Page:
South Carolina’s Abstinence-Only Education Hangs In The Balance

| by Sarah Fruchtnicht

A South Carolina Senate education panel passed a bill Thursday that would amend the state’s 26-year-old health education law, which is abstinence-only.

The bill, sponsored by Rep. B.R. Skelton, R-Six Mile, requires schools to teach “medically accurate” health information as part of the sex ed curriculum.

Skelton says students need to learn better ways to avoid teen pregnancy and sexually transmitted diseases. He says unwanted pregnancy is costing taxpayers $197 million each year.

The Senate vote passed the bill 10-6, with opponents arguing that abstinence is the best way to prevent pregnancy.

Critics and abstinence groups argue the bill will make teachers promote abortion, but Forrest Alton, chief executive of the S.C. Campaign to Prevent Teen Pregnancy, says that’s a scare tactic.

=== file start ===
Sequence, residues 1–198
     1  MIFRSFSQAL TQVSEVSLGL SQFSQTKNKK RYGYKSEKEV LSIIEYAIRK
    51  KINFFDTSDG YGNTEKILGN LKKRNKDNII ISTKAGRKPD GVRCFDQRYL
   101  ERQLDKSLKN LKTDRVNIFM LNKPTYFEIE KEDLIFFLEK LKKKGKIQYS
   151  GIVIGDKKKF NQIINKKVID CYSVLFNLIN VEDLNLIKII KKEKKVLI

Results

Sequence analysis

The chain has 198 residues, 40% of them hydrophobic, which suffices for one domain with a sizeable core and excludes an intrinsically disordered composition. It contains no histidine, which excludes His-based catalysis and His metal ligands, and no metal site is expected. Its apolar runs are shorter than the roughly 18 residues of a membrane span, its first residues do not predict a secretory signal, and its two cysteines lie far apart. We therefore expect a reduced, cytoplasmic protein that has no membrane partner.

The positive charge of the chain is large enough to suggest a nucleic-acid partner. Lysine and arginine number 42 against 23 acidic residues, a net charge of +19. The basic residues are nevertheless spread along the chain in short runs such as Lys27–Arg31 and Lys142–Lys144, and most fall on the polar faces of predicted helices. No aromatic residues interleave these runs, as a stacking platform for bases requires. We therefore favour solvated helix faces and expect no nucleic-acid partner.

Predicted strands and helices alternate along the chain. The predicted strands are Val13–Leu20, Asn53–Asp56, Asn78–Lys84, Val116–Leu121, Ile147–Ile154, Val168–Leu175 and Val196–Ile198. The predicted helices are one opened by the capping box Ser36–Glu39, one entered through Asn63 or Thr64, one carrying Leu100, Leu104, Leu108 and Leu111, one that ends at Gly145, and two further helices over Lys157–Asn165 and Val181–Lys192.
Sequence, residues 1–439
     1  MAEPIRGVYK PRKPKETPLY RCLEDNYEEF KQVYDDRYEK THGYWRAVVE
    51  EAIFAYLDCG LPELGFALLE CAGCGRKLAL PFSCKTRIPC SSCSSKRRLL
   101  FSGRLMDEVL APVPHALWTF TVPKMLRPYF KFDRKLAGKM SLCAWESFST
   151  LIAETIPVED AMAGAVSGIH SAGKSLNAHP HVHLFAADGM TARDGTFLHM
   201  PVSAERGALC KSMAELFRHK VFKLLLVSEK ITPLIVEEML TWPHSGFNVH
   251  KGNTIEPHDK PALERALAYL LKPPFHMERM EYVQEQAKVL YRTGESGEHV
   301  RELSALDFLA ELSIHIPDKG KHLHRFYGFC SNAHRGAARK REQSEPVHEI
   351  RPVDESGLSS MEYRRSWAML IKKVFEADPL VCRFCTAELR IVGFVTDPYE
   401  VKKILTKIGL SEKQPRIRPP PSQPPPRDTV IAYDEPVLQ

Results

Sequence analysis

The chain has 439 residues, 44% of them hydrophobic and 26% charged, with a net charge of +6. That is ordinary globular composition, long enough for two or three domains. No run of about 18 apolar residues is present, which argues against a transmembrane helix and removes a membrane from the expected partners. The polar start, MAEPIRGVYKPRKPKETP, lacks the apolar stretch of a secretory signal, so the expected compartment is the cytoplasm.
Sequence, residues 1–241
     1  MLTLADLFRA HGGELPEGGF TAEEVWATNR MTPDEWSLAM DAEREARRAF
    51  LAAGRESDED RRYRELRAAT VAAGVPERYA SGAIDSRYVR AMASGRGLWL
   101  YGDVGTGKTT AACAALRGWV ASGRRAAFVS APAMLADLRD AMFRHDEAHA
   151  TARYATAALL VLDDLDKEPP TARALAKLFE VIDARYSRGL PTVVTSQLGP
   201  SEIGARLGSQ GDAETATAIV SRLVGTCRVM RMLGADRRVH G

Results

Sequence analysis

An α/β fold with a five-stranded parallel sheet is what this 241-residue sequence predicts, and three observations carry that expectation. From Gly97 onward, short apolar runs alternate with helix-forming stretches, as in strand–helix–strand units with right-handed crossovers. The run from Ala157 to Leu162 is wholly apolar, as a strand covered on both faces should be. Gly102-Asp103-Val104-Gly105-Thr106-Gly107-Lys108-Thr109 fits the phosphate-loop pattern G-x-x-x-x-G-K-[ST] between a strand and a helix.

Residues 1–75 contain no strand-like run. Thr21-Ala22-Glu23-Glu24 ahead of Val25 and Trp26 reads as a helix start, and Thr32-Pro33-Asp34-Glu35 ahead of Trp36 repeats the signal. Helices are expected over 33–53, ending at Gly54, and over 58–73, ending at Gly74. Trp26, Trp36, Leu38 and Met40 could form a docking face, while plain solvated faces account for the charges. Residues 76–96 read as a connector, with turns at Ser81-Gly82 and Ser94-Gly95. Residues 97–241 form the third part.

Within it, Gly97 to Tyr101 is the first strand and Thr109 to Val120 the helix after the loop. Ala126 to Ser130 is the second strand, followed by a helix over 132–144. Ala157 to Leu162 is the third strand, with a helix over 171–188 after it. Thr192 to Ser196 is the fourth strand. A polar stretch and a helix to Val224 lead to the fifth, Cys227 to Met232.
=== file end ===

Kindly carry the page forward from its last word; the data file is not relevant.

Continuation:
Alton told The State there is “absolutely nothing about abortion” in the bill “other than to reiterate that that is not a topic that should be talked about in schools.”

The bill also requires public school to report to the state what they teach about health or lose 1 percent of state funding. Districts are already required to report to the Department of Education on health curriculums, but many do not.

Skelton says teachers have distorted or taught inappropriate information of sexual health.

He said he heard of a sports coach telling students, “‘The only thing better than sex is macaroni and cheese.’ We certainly don’t need that kind of thing going on in our classrooms.”

The bill was formerly OK’d by the House of Representatives. After the committee, it goes to the full Senate for a vote.

Sources: The State, South Carolina Radio Network